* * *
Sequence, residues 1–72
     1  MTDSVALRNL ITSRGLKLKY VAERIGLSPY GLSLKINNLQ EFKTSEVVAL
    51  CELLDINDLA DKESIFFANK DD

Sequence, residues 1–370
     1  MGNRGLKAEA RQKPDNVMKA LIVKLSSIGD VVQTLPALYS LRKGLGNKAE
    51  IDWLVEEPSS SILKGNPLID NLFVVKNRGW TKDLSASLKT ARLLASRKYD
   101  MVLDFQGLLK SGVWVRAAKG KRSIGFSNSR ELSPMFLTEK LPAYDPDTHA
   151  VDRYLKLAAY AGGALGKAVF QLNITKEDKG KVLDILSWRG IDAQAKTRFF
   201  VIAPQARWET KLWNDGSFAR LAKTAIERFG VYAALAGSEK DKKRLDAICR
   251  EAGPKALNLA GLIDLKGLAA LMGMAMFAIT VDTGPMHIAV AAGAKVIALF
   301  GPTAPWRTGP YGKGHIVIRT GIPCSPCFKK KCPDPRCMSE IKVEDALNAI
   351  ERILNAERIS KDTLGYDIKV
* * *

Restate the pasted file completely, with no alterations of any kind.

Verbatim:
Sequence, residues 1–72
     1  MTDSVALRNL ITSRGLKLKY VAERIGLSPY GLSLKINNLQ EFKTSEVVAL
    51  CELLDINDLA DKESIFFANK DD

Sequence, residues 1–370
     1  MGNRGLKAEA RQKPDNVMKA LIVKLSSIGD VVQTLPALYS LRKGLGNKAE
    51  IDWLVEEPSS SILKGNPLID NLFVVKNRGW TKDLSASLKT ARLLASRKYD
   101  MVLDFQGLLK SGVWVRAAKG KRSIGFSNSR ELSPMFLTEK LPAYDPDTHA
   151  VDRYLKLAAY AGGALGKAVF QLNITKEDKG KVLDILSWRG IDAQAKTRFF
   201  VIAPQARWET KLWNDGSFAR LAKTAIERFG VYAALAGSEK DKKRLDAICR
   251  EAGPKALNLA GLIDLKGLAA LMGMAMFAIT VDTGPMHIAV AAGAKVIALF
   301  GPTAPWRTGP YGKGHIVIRT GIPCSPCFKK KCPDPRCMSE IKVEDALNAI
   351  ERILNAERIS KDTLGYDIKV